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‘I did not steal the money’ — Hlaudi Motsoeneng to appeal pay back ruling

“The judge should have given me credit for thinking outside the box, for being innovative. Why should I be punished for that and not given credit?’ bemoans former SABC COO Hlaudi Motsoeneng.

Former SABC COO Hlaudi Motsoeneng has been ordered to pay back a R11.5m 'success fee' awarded to him, plus interest.
Former SABC COO Hlaudi Motsoeneng has been ordered to pay back a R11.5m 'success fee' awarded to him, plus interest.
Image: Masi Losi

Former SABC COO Hlaudi Motsoeneng is adamant that he did nothing wrong in receiving a “success fee” from the broadcaster.

If anything, Motsoeneng says he should be given credit for negotiating a deal with MultiChoice for broadcast rights, including access to the SABC archives.

“The judge should have given me credit for thinking outside the box, for being innovative. Why should I be punished for that and not given credit? That’s my dilemma,” he asked on Thursday.

“I believe the payment was lawful because it was approved by the board of the SABC. I was not part of that, and I didn’t steal money, I was paid the money,” he added.

Motsoeneng is appealing a ruling by the high court in Johannesburg that he should repay the R11.5m the broadcaster paid him with interest calculated at the rate of 15.5% per annum, calculated from September 13 2016, to the date of payment.

The court declared that the decision by the former SABC board to pay Motsoeneng the fee was unlawful and invalid and set it aside. It gave him seven days to pay back the money. The seven days ended on Wednesday.

Speaking to TimesLIVE, Motsoeneng said that, having gone through the judgment, he could not understand what informed the judge to come to her conclusion.

“First, I did not steal money. I was paid by my employer who took that decision in my absence. I was not there,” he said.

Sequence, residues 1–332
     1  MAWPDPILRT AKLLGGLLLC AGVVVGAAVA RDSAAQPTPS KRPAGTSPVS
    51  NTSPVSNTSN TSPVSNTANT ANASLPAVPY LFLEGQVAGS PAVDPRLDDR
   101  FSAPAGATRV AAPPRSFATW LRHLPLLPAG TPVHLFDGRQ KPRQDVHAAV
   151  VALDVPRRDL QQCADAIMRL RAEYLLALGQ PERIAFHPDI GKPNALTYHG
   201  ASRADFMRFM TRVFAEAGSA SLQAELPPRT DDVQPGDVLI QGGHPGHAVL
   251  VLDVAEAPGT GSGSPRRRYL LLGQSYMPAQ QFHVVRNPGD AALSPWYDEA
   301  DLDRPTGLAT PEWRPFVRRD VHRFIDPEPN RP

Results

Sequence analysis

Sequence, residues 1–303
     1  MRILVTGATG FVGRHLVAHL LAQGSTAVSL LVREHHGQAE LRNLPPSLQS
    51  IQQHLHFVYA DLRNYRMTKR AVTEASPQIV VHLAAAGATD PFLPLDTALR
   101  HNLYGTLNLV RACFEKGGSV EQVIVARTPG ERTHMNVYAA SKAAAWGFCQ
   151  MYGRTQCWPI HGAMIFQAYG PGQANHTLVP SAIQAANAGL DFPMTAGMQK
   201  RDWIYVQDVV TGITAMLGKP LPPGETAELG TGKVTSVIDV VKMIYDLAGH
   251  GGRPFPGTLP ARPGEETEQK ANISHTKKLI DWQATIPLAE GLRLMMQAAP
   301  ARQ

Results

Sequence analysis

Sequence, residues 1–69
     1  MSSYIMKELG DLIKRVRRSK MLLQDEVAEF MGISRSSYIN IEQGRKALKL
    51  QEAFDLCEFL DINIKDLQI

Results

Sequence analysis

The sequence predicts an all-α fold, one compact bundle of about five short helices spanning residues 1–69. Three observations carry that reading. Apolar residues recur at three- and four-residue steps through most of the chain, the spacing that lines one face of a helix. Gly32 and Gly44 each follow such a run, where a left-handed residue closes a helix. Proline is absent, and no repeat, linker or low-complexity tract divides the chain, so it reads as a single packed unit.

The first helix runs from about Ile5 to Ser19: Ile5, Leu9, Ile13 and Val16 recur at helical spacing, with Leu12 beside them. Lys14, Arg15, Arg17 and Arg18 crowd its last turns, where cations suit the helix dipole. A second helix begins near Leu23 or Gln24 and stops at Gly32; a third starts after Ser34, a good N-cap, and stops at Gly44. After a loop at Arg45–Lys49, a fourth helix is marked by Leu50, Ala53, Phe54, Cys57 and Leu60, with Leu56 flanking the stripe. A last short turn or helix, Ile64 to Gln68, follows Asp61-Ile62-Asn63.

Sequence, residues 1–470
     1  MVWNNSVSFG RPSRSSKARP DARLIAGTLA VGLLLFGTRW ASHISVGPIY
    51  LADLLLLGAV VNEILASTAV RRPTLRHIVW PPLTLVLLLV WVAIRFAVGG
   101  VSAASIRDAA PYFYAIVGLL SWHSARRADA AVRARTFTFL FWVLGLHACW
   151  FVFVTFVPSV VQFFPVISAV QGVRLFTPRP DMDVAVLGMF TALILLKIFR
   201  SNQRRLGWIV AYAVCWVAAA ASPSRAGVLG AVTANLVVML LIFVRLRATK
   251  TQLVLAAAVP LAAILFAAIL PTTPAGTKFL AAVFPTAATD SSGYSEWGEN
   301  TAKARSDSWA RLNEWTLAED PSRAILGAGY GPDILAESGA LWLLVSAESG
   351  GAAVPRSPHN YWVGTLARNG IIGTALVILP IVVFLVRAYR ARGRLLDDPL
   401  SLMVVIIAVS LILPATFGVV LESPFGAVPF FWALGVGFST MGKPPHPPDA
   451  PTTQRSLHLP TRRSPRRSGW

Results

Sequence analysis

He said in her judgment, judge JL Khan recognised that his innovation had created sustainable employment at the SABC because its 24-hour news channel (channel 404) was still operating and people were still employed there.

Motsoeneng said the SABC paid him because the news channel was a business.

“We took a business decision to have this channel operating outside the SABC to generate revenue. The judge misunderstood that SABC didn’t pay for content, they paid me for having the two channels,” he said.

Motsoeneng also argued that at the time he signed the MultiChoice deal, he was group executive responsible for provinces and stakeholders and was acting in the COO position. He said it was therefore incorrect for the court to find that it was part of his job to do what he had done, as he was not COO at the time.

Nowhere in his contract did it say he should not go and raise money, he said.

“On this, I believe the people of SA must give me credit. If I didn’t raise that money, the SABC would have gone to the government to get a bailout, but I came up with an innovation to make sure the SABC didn’t go that route.”

Motsoeneng also questioned whether it would be fair for him to return R11.5m when he allegedly only received R6.7m.

“I was paid R6.7m. That is the amount that came into my bank account. If the SABC paid R11m, I can’t dispute that, I can only say what I received.”

He questioned the court’s decision to give him seven days to pay back the money, especially at this time of the year when the courts were closing for Christmas holidays and some law firms had already closed.

“Where am I going to get lawyers? My lawyers have closed,” he said.

Motsoeneng said he has already lodged his appeal papers as he believes a different court would come to a different conclusion on the matter.

TimesLIVE


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